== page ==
We live in a world where how many ‘likes’ your photo receives, dictates how good you are as a dancer. So naturally, young dancers are wanting to emulate the idols they follow, and post the best dance pose they can, hoping to rack up the likes. This has also transpired into choreography. I’ve seen it with my own eyes. More and more I see dancers at festivals show off their acquired skills, one into another, into another, but it’s getting to the point where they are almost showing off. Yes, of course, that’s what they are aiming for. They want to wow the audience and adjudicators with the amazing tricks and displays of hyper flexibility, however these elements are beginning to roll into one another, BAM, BAM, BAM! Quite often, these are the dancers that are placed. The ones who thrill us with their continual display of talent. But is it that thrilling?!

For me, Dance has always been about telling a story, being able to dance with such emotion that the audience pick up on the vibrations, making the hairs on their arms stand on end. You know the exact feeling I’m talking about. A good dancer can move you to tears. It’s part of the magic. You feel like you’ve been let into a private moment. It’s intoxicating, and leaves you wanting more. Can this simply be achieved by a display of capability? I think not. Don’t get me wrong, a well placed trick or element can really add a spectacular highlight to the dance, but it’s more than that. What about the steps in between, the facial expressions to convey the feeling, a well placed pause, a moment of stillness can hold so much tension and captivate an audience so much so the atmosphere is almost tangible. This is the true art of dance surely. To be able to give yourself so fully to a piece, to bare your soul, that the audience are able to re tell the story back, as they live it with you. Martha Graham famously said “great dancers are not great because of their talent. They are great because of their passion” and I think that speaks volumes.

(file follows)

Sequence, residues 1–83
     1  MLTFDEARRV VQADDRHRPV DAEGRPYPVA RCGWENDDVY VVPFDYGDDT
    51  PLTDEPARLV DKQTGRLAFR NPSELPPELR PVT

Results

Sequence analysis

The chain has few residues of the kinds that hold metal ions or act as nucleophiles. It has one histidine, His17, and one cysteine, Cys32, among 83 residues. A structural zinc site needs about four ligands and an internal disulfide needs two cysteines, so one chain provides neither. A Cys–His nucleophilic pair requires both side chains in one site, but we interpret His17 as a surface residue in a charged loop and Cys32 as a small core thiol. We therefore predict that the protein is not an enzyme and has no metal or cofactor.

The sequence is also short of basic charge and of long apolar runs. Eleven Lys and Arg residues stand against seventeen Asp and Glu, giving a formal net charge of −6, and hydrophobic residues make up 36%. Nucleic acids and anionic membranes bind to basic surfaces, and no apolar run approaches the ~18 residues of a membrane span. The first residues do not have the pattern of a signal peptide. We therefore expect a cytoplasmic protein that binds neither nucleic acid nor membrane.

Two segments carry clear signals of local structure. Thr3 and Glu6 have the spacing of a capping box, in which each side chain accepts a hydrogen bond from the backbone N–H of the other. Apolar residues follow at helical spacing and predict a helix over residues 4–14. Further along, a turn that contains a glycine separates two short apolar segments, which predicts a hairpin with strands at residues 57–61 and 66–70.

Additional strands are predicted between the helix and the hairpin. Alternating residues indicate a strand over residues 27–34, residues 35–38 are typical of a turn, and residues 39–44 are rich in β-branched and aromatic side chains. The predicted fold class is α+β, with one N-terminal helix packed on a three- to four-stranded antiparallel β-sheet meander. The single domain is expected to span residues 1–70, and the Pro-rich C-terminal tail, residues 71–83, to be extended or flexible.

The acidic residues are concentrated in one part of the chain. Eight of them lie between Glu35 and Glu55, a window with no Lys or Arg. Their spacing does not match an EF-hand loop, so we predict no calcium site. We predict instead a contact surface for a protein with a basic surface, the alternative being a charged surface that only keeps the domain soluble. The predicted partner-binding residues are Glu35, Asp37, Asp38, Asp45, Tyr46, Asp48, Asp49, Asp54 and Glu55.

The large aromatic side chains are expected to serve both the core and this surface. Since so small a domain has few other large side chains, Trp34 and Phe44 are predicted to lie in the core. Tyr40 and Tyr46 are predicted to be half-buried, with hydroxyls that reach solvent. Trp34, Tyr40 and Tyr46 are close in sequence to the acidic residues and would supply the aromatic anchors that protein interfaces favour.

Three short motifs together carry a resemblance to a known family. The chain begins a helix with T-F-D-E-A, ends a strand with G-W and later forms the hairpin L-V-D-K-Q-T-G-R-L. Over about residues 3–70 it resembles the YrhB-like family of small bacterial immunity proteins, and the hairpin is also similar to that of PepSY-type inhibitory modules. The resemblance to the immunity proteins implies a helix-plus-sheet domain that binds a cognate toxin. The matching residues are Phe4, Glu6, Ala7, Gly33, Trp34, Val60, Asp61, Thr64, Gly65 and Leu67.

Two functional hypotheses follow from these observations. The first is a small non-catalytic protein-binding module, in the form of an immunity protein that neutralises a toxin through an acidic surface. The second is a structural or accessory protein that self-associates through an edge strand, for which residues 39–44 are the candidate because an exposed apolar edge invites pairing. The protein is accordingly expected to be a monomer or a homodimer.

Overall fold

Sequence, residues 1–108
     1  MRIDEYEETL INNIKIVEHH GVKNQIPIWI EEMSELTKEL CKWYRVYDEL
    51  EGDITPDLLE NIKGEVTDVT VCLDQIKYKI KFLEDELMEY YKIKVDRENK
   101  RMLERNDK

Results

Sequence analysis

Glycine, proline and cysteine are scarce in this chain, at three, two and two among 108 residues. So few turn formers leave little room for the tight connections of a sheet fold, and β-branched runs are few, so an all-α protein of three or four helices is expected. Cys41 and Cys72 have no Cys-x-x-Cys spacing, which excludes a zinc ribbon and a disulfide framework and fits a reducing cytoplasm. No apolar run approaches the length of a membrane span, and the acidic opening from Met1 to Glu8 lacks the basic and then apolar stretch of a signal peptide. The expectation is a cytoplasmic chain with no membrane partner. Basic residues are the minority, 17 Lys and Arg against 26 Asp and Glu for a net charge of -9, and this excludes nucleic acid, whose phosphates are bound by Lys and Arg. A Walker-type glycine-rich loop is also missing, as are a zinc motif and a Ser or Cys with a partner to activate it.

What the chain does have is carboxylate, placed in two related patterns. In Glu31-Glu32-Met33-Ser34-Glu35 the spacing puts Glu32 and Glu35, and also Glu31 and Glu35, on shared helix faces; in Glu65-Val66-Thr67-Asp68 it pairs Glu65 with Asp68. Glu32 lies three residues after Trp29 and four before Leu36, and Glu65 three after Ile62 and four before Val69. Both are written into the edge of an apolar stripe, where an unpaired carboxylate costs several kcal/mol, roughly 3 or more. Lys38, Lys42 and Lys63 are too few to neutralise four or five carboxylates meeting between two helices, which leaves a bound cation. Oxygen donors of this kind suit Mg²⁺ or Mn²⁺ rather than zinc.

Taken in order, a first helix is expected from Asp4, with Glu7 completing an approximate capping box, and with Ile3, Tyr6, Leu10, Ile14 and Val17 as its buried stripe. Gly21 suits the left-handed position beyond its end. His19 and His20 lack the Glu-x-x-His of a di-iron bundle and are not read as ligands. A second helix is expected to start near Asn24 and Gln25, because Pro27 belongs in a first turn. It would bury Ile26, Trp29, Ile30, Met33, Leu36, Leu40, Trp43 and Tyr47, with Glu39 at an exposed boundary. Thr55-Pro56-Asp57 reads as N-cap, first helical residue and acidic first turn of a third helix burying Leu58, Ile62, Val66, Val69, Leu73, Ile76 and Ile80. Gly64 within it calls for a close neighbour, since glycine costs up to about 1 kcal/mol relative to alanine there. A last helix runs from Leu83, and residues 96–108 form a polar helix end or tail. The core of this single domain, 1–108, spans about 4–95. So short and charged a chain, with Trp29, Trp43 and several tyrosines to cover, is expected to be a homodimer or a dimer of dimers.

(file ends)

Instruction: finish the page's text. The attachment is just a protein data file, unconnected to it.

But this doesn’t stop at tricks, and here’s where I could become unpopular with my view, it can also be true of actual technique too. Let’s set the scene……….local dance festival, lots of competitors in a section. There’s that one girl who has been genetically blessed for Dance……..the almost flat turn out, legs for days with slight hyperextended knees giving beautiful lines, feet that arch like bananas, and all the grace and beauty of any prima ballerina that has passed. But she lacks something. That spark behind her eyes, the fire in her belly, the calling from deep within her soul. She dances because she is good at it, REALLY good, but what drives her? Does she perform and project? No, she is selfish with her performance, and has a face like she’s simply stood waiting for a bus. Dare I say it………perhaps slightly boring! Cue the girl that isn’t so genetically blessed. Her legs aren’t as long, she doesn’t have the best turn out but she works with what she’s got and she pointed her feet as much as they allow, but she has something special. She has that ‘X’ factor. She doesn’t want to dance, she needs to. Her face visibly comes alive as soon as she steps on the stage and the audience know instantly they’re in for a treat. She captivated them so much, you can hear a pin drop. It’s also visible when you watch a group dance. There will always be that one dancer who catches your eye whether they are at the front or back. They catch your eye because they perform! They use their face as well as their body. They dance with such passion that it oozes from ever pore. It’s what an audience want to see. They want to watch someone who is interesting and intriguing, who’s fire burns so brightly they too can feel the heat and they get that all over tingling sensation that brings tears to your eyes. Someone who moves them when they dance. It’s echoed very much in the computer animated film ‘Ballerina‘(or Leap if you’re in the U.S) Effectively a battle between a talented girl who’s danced all her life, but dances because that’s what she’s always done, and a girl who has dreamed of being a dancer but wasn’t given the same opportunities, but her passion and determination she’s her through. It makes such a good story, because it’s a true one, “nothing great in the world has ever been accomplished without passion” – Georg Wilhelm Friedrich